How a stationary bike, paired with Google Street View, helps seniors with dementia

An innovative dementia therapy tool is making its way to Canada. The BikeAround is a device that combines a stationary bike, Google Street View and a dome-shaped projector to give users a virtual ride down memory lane.

Ontario retirement home tests virtual bike ride technology, helping residents revisit old memories

Retirement home resident Douglas Brunton relives memories of his childhood home as he uses the BikeAround to cycle through his old neighbourhood. (Michael Aitkens/CBC)

Residents at an Oshawa, Ont., retirement home are among the first people in the country to try an innovative therapy for Alzheimer's and dementia patients called the BikeAround.

The device combines a stationary bicycle, a dome-shaped projector and Google Street View technology. Users sit on the bike and are able to pedal through video of meaningful destinations — a childhood home, a vacation destination, the spot they were married — projected onto the screen in front of them.

The experience helps recall memories, inspire conversation and improve mood, according to researchers.

The BikeAround originated in Stockholm, Sweden, but thanks to a Toronto man it's also being used at the Carriage House Retirement Residence in Oshawa and, potentially, will expand across Canada.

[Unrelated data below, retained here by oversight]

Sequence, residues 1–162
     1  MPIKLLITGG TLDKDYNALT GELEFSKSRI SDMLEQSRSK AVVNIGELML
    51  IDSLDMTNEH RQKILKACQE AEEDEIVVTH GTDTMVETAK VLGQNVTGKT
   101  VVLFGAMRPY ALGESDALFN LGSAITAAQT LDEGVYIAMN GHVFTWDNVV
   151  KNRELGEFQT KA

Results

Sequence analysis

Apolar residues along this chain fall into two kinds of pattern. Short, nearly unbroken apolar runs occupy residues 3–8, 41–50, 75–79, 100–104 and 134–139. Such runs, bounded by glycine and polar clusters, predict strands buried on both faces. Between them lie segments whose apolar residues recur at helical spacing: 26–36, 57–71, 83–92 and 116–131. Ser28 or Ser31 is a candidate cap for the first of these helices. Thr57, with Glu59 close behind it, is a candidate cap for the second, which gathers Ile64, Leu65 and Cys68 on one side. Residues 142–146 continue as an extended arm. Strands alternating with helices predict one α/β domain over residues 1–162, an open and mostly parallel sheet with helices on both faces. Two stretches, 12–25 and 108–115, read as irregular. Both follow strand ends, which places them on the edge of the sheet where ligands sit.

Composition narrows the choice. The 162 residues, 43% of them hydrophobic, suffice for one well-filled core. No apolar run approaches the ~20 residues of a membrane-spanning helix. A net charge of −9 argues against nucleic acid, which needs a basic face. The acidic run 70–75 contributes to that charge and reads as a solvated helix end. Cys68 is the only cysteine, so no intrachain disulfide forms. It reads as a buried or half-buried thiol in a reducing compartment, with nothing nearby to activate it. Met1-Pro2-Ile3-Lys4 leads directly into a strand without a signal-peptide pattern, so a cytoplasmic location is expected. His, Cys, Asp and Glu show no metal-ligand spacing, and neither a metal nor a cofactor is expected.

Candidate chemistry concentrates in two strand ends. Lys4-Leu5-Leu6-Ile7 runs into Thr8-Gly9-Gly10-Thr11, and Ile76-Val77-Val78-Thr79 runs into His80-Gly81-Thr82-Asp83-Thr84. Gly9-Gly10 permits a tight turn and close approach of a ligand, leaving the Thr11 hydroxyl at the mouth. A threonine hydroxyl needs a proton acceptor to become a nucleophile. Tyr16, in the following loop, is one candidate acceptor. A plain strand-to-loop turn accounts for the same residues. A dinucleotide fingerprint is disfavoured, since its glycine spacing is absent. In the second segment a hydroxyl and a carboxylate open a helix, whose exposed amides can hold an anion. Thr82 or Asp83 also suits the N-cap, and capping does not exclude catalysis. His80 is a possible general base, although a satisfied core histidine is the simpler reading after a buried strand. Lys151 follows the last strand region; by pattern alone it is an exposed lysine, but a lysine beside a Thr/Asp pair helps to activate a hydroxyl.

George Fermanis — who spent years working in Toronto's retirement, home care and technology sector — saw a video of the BikeAround and quickly realized its potential.

"There's so much cool technology out there and it always used to skip over the senior sector," he said. 

It's amazing, just absolutely amazing.- BikeAround user Douglas Brunton

He's using the Oshawa residence to conduct some of his own tests with the device, using residents and clients referred by the Alzheimer's Society of Durham Region. 

So far, about 40 people have used the Oshawa BikeAround.

"Often memories are very tied to location," he said. "So we've been able… to spark memory in individuals and really come through with very vivid details and stories associated with those destinations."


Reliving old memories

Fermanis started the tests by meeting with families to identify meaningful destinations for their loved ones.

Carriage House resident Douglas Brunton is a frequent user.

"It's incredible," he said. "Just for me to be sitting here, pedalling down the street that I used to walk down or ride my bike down or whatever, and look at it, it's amazing all this coming back."

Brunton, 78, visits his old schools, memorable shops and his childhood home, places he hasn't seen in person for 40 years, he said.

George Fermanis says the virtual bike rides has produced some big changes in users, such as elevated mood. (Michael Aitkins/CBC)

During a virtual ride on Tuesday, Brunton pedalled past a cemetery in his old neighbourhood — talking about his mother's response to some flowers he brought her.

"I said 'I found them.' She said, 'You found them?… Douglas you got them from the cemetery, didn't you?'" he recalled.